≡ Menu

The Magic ~: Bash Tilde Expansion with 5 Examples

The Bash shell provides some variables that are prefixed with ‘~’ (named tilde) which is called Tilde Expansions.

They are synonyms for contents of other variables within your shell.

Tilde expansion is the process of converting these abbreviations to the directory names that they stand for. In this article, let us review the tilde expansion feature with the examples.

Tilde expansion applies to the ‘~’ plus characters includes +, – and N (which is integer) up to whitespace or a slash.

The tilde expansion is used to expand to several specific pathnames:

  • Home directories
  • Current/previous working directory
  • Directories from directory stack.

Home Directories

Tilde expansion provides a way to expand the home directory of the current user or the home directory of the given user name.


~ Expand to the variable $HOME or home directory of the current user

~USER Expand to the home directory of the given username

Example 1. Current Users Home

Tilde(~) as a separate word, expands to $HOME if it is defined, if $HOME is not defined, then it expands with the home directory of the current user.

Now the value of the HOME variable is /home/oracle so cd ~ changed the current directory to the value of $HOME.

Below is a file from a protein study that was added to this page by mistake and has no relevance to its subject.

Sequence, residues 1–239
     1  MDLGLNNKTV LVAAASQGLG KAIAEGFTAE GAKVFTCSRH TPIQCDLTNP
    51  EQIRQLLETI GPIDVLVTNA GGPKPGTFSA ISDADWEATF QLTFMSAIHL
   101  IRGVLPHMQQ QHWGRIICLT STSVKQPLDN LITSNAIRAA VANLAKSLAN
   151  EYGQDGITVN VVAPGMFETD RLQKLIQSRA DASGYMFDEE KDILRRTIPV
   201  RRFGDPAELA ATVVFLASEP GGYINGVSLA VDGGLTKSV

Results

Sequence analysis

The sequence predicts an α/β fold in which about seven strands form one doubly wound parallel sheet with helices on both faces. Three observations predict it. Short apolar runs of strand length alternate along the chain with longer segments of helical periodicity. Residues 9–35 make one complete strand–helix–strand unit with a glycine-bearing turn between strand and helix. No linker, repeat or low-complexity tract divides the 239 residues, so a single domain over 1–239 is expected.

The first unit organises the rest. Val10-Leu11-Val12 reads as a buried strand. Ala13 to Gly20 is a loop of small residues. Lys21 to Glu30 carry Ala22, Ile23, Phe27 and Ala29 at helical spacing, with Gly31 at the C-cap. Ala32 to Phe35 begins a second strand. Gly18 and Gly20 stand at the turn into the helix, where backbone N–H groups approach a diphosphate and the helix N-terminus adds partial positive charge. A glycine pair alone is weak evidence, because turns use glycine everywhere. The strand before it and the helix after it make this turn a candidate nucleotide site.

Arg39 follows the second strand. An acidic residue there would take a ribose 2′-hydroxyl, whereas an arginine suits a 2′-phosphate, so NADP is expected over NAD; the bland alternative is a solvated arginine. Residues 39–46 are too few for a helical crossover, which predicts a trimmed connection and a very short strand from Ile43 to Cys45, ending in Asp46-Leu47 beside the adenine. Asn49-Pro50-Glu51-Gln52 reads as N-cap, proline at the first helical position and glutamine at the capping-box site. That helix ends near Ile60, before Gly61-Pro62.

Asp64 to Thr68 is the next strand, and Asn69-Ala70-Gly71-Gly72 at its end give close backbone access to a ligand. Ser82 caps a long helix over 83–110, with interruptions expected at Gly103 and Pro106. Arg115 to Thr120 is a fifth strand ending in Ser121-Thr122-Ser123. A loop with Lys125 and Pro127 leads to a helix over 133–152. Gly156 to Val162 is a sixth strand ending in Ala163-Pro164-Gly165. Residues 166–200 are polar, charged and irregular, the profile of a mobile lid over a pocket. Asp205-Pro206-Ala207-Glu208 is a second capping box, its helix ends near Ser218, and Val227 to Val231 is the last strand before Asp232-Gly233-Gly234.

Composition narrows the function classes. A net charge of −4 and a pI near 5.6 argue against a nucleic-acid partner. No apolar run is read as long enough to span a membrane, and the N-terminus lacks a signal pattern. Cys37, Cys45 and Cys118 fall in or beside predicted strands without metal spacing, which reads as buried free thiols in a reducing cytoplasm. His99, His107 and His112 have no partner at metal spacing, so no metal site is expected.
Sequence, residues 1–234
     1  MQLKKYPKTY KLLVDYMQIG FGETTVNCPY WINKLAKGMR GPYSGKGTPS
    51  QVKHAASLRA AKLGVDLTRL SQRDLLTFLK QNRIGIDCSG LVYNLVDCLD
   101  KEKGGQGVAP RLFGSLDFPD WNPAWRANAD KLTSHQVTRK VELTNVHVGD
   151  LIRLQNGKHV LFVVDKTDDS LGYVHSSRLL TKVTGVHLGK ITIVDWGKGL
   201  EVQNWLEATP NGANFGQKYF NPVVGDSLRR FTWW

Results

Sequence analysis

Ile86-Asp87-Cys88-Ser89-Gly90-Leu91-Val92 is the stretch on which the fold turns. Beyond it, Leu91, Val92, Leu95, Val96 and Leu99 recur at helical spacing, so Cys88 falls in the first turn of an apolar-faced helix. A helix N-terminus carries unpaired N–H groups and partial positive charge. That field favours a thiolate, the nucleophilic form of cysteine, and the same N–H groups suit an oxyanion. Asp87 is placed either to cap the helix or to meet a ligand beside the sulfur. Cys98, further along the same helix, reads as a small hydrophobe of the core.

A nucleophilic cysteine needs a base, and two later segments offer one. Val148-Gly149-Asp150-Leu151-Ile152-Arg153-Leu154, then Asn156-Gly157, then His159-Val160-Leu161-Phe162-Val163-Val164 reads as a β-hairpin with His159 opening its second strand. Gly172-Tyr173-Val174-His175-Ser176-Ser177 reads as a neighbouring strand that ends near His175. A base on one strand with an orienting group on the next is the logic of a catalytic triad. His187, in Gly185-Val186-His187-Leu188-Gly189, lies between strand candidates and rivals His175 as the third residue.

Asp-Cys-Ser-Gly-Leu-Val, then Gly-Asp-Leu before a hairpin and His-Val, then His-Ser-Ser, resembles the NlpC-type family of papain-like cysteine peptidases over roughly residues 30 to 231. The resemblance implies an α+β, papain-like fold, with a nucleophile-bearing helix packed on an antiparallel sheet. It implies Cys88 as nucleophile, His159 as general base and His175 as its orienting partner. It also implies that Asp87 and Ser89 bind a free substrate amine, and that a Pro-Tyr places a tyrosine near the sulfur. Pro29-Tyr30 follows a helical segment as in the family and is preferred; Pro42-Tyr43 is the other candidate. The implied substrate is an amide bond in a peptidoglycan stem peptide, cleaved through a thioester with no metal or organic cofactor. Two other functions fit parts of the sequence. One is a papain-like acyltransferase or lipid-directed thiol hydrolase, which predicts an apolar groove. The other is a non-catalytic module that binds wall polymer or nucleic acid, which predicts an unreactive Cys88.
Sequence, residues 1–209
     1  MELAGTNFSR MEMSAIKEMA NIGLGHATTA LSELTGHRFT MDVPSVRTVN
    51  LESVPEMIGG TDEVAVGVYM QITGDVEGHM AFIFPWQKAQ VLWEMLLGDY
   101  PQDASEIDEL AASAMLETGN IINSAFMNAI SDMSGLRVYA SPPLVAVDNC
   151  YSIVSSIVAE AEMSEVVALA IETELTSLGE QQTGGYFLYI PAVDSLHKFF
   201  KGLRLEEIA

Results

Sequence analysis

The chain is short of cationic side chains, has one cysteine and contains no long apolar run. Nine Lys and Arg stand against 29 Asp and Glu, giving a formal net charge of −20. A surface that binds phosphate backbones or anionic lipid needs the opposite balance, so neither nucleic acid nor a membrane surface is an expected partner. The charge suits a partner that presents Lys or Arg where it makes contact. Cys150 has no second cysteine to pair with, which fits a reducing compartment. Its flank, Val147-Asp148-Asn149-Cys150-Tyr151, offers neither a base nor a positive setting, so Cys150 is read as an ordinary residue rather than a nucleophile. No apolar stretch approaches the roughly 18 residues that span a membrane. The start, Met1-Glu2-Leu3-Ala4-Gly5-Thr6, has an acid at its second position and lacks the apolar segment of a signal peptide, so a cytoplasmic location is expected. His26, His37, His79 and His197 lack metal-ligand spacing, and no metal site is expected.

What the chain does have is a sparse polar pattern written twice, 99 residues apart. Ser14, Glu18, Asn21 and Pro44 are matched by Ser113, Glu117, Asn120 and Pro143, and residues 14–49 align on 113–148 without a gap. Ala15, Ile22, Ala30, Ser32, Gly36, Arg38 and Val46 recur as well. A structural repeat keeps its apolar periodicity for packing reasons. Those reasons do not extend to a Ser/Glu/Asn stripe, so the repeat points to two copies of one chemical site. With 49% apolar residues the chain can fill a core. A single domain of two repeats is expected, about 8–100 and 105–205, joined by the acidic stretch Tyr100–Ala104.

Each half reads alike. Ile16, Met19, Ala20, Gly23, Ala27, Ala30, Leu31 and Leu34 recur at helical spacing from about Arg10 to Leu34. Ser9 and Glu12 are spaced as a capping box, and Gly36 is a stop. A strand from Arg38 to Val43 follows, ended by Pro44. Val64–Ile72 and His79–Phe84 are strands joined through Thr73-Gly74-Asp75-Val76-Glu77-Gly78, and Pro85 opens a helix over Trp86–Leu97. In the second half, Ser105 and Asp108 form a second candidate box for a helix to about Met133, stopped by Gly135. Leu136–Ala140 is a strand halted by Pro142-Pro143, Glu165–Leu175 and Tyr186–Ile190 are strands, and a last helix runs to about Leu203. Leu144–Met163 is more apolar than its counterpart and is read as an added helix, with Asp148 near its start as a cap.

## Logging into a oracle user, whose home directory is /home/oracle
# su oracle
[tmp]$ pwd

[tmp]$ echo $HOME

[tmp]$ cd ~

[~]$ pwd

HOME is changed to /sbin, and cd ~ uses only $HOME not the home directory of the user. After unset the value of $HOME, cd ~ changed the directory to the value of the home directory set for the oracle user in /etc/passwd. For Tilde expansion, HOME overrides the real home directory.

[~]$ export HOME=/sbin

[oracle]$ cd ~

[~]$ pwd

[~]$ unset HOME

[sbin]$ cd ~

[oracle]$ pwd

Example 2. Home directory of the given user

The following script takes the backup of a log file that has the current date in the name. It also logs the starting time and end time into the file called backup.log in the home directory of the oracle user.

#! /bin/bash

echo "Initiating the backup at `date`" >> ~oracle/backup.log

da=`date +%F`
cp $da.log{,.bak}

echo "END BACKUP at `date`" >> ~oracle/backup.log

$ ls -l /home/oracle/
total 8
-rw-r--r-- 1 root   root       99 Jun  4 14:23 backup.log

If the given user name does not exist then it doesn’t expand to something. In the following example, there is no user called ora. So, ~ora will not expand to /home/ora.

$ echo ~ora

Refer to our earlier article to understand how to perform brace expansion in bash. i.e how to use { } in bash.

Working Directories

Tilde with + and – are used for representing the working directories.

  • ~+ expands to the value of the PWD variable which holds the current working directory.
  • ~- expands to the value of OLDPWD variable, which holds the previous working directory. If OLDPWD is unset, ~- is not expanded.

Example 3. Expansion of old/current working directories

The following example will compare the file in the current directory and previous working directory.

$ cat comp.sh
#! /bin/bash

set -x
cd /var/opt/gg
if [ -f gg.c ]
echo "File1 exists"

cd /var/opt1/gg
if [ -f gg.c ]
echo "File2 exists"
cmp ~+/gg.c ~-/gg.c

$ ./comp.sh
+ cd /var/opt/gg
+ '[' -f gg.c ']'
+ echo 'File1 exists'
File1 exists
+ cd /var/opt1/gg
+ '[' -f gg.c ']'
+ echo 'File2 exists'
File2 exists
+ cmp /var/opt1/gg/gg.c /var/opt/gg/gg.c
cmp: EOF on /var/opt1/gg/gg.c

In the above execution:

  • ~+/gg.c expands to /var/opt1/gg/gg.c
  • ~-/gg.c expands to /var/opt/gg/gg.c

This article is part of the on-going Bash Tutorial series.

Expansion for Directories in Stack